Unlike Acadia’s Francophones, or Québec’s Anglophones, Ontario’s Francophones are not (for the most part) concentrated in one single area. Because of this (with the exceptions of Eastern Ontario and the Highway 11 corridor), you would not necessarily hear French every day when walking down the street in Ontario. This leads to an inaccurate perception of “invisibility”. Toronto may have tens and tens of thousands of Francophones, but their presence is diluted by the sheer size of Toronto’s Anglophone population (in terms of numbers, Toronto has the second or third largest Francophone population in Canada outside Québec, but at first glance you would not necessarily notice it owing to the dilution of the Francophone population by the size of its Anglophone population).
3. Geographic Remoteness
The most Francophone communities in Ontario tend to be quite remote, in the sense that they are very far from Ontario’s most populous regions. This has given rise to a phenomenon of a “parcelling” of Ontario’s Francophone population, of its accent zones, and its various lifestyles (city versus rural, North versus South, East versus West — all with huge distances in between).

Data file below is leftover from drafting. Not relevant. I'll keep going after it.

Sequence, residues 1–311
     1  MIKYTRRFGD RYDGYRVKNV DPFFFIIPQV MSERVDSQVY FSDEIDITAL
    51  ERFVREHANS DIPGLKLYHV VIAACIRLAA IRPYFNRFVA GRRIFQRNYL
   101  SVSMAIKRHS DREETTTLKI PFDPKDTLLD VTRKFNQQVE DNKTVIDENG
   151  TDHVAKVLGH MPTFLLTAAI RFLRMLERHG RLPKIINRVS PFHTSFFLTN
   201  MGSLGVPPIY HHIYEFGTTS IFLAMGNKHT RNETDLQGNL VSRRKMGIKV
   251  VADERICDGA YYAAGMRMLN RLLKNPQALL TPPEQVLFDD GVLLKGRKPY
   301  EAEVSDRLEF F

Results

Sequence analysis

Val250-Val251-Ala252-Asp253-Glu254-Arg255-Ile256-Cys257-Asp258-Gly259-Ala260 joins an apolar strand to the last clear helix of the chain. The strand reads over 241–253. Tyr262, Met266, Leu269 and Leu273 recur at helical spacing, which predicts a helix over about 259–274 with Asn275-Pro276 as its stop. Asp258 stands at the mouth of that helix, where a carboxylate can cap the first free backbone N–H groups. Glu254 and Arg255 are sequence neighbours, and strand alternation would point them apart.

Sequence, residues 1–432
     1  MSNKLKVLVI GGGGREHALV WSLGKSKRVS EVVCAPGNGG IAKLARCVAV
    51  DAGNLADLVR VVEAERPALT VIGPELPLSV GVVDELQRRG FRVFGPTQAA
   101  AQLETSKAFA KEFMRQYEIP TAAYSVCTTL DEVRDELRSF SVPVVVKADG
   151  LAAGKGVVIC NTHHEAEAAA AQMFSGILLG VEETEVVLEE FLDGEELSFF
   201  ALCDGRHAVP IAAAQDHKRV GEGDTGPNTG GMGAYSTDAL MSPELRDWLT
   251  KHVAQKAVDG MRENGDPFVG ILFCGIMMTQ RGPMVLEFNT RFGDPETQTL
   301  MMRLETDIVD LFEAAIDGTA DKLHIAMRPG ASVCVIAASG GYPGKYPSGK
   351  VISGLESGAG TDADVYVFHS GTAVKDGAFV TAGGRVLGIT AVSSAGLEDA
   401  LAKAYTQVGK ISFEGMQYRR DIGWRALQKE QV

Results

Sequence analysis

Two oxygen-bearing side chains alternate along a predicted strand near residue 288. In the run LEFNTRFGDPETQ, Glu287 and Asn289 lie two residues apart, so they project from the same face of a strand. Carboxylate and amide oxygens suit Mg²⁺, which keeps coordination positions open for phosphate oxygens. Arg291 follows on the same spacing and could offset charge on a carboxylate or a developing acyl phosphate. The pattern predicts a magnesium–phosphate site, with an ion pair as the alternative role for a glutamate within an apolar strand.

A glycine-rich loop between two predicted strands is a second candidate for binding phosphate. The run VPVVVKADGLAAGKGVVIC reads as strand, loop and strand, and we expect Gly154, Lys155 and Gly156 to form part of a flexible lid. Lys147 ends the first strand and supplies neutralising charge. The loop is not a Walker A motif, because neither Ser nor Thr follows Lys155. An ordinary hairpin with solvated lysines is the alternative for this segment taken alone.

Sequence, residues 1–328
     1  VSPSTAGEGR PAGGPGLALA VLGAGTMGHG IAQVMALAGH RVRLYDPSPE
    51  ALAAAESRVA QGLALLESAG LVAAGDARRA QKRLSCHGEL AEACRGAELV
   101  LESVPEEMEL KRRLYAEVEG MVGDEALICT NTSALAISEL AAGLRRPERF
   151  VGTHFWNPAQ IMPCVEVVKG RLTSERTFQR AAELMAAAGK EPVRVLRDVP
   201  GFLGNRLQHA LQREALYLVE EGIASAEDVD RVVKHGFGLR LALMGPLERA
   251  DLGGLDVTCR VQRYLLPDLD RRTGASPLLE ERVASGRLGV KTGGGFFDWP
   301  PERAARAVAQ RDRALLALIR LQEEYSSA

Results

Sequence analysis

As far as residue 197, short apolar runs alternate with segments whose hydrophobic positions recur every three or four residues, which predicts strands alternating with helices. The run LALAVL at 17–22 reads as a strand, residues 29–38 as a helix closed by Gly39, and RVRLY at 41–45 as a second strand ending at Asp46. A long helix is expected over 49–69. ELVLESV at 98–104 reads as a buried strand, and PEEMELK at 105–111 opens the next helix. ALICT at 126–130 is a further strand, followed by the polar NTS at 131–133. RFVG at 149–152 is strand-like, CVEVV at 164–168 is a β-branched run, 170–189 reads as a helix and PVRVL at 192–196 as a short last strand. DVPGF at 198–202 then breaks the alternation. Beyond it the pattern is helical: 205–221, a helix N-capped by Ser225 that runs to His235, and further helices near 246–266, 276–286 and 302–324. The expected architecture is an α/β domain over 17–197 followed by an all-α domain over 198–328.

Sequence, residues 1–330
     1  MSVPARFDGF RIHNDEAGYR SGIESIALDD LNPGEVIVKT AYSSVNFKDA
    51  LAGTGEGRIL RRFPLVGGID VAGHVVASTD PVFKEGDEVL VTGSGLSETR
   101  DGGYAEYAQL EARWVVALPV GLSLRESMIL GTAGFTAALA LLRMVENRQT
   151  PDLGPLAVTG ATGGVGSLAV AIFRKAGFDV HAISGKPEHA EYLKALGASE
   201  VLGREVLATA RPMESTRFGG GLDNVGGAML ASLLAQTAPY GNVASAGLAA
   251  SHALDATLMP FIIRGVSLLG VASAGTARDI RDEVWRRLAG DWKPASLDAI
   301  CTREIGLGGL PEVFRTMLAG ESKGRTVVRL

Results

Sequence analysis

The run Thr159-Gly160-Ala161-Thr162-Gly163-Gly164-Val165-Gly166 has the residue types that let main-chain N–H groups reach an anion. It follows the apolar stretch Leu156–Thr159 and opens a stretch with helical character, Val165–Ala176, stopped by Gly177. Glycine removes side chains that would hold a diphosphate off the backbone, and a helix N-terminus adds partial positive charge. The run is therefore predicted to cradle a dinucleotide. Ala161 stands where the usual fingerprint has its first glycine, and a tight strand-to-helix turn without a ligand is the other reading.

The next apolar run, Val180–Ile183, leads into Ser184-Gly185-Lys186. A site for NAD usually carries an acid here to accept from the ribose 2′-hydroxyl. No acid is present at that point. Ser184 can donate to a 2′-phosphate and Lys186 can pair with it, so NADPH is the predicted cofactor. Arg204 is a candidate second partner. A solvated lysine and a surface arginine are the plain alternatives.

Hence, Francophone Ontario becomes a case of “out of sight, out of mind”. Example: Even though the towns all along the “Highway 11 Francophone Corridor” have populations which are 85% to 95% Francophone (even more “Francophone” than many parts of Québec), it is nonetheless a region which is a 12 hour drive from Toronto. Many people I met in Toronto have never even heard of Ontario’s Highway 11 Francophone Corridor (I was stunned when I moved to Toronto and found out that local Anglophone Ontarians had no idea of how Francophone Ontario’s far north tends to be. When driving through it, you could easily believe you were driving through Québec). Most people are ignorant to the fact that anything along a 300 kilometre stretch of highway 11 basically has French as its first operating language. From Toronto, you could drive to Nashville (Tennessee), St. Louis (Missouri), Charlotte (North Carolina), or Edmundston (New Brunswick) in the same amount of time (or less) than what it would take to drive to the Highway 11 Corridor. Like I said… “Out of sight, out of mind”.
4. A lack of a designation of “Official” Bilingualism